Like all Councils, the City of Burnside has some responsibilities under the Public and Environmental Health Act, Development Act, and Dog and Cat Management Act. The Council also has the power to make its own regulations and by-laws.
The State Government makes laws which govern the powers of Local Government. Most of these powers are outlined in the Local Government Act which contains information on how Councils are established, how elections should be run, how and when Councils should meet, how rates are to be charged, how Councils can spend money and what things Councils can do.
- provide a representative, informed and responsible decision-maker in the interests of developing the community and its resources in a socially just and environmentally sustainable manner;
- ensure a responsive and effective provider and co-ordinator of public services and facilities at the local level;
- provide an initiator and promoter of effort within a local community; and
- represent the interests of a local community to the wider community.
- provide for the development of its area;
- provide services and facilities that benefit the area, its ratepayers and residents and those who resort to it;
- protect health;
- provide for the welfare, well-being and interests of individuals and groups within the community;
- represent and promote the interests of its ratepayers and residents;
- establish or support organisations and programs that benefit people in its area or local government generally;
- protect the environment and improve amenity;
- provide the infrastructure for industry;
- attract commerce, industry and tourism;
- act to benefit, improve and develop its area in other ways;
- manage, improve and develop resources available to the Council; and
- any other function approved by the Minister.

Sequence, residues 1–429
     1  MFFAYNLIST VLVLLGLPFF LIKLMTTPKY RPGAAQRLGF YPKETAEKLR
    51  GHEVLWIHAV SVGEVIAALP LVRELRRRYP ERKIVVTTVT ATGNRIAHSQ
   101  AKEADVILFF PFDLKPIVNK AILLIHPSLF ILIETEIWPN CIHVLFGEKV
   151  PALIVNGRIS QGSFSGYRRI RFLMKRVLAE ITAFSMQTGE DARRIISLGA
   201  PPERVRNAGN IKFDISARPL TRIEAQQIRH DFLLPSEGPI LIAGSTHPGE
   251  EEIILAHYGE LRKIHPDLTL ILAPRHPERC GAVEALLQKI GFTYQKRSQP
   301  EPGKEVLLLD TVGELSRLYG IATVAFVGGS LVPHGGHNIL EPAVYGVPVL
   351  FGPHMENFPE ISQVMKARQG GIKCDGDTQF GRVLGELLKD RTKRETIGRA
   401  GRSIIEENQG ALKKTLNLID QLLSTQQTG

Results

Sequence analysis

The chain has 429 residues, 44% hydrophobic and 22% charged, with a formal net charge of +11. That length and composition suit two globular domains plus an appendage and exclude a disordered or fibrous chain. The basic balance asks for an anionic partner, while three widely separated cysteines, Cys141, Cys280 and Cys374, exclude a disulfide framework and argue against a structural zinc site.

Burnside Council has a Mayor who is the elected head of the Council and is elected by all residents. There are also 12 Councillors, two for each of the six wards in the Council area (a ward is a smaller segment of the Council area). This Council makes decisions on matters which affect the Burnside community.
The Council consists of Elected Members and administration staff. The staff carry out the decisions of the Elected Members.
The Chief Executive Officer is the senior member of the staff and is responsible for seeing that the policies of the Council are implemented.
Because Local Government is community government, it needs community participation. As the whole community cannot participate directly, 13 people (the Mayor and 12 Councillors) are elected to represent the Burnside community.
The community selects its representatives on election day by casting postal votes for those candidates it believes will best represent its interests.
Elections are held every four years on the second Saturday in November, when the entire Council is up for election.
Residents and ratepayers who are over 18 years of age and on the council voters roll are eligible to vote for the elected members. Unlike Federal and State Government elections, voting is not compulsory in Council elections.
Anyone over the age of 18 who is enrolled on the Local Government Voters Roll and is an elector for the Burnside area can become a Councillor unless they are a Council employee, a criminal or bankrupt. As long as they meet these requirements, anyone can stand for election regardless of qualification, religion, gender or employment but it is important that they fully understand the role and responsibility of an Elected Member.
They must become aware of the needs of the community, represent the electors and be prepared to initiate new Council policies and activities. A considerable time commitment is expected as the Councillor must also attend a variety of meetings and assist electors in their dealings with Council and Council staff.
The Councillor's role is primarily one of decision-maker as the Elected Members form Council's policy-making body. They set objectives and determine the rates and other directions necessary to achieve those objectives.
They must attend Council meetings which are held twice a month. Failure to attend three consecutive ordinary meetings without sufficient cause can result in a Councillor's office being declared vacant.
Councillors may also be members of committees. A committee receives reports and makes recommendations to Council meetings on the matters with which it has dealt.
Burnside has 4 Committees/Panels.
- Community, Development & Heritage
- Infrastructure & Environment
- Development Assessment Panel
Council meets on the second and fourth Tuesdays of each month. The Infrastructure & Environment Committee meets on the second Tuesday of each month, and the Community, Development & Heritage Committee on the fourth. The Audit Committee meets bimonthly on the first Tuesday. The Development Assessment Panel meets on the first Tuesday of each month.
All of these meetings are open to the public.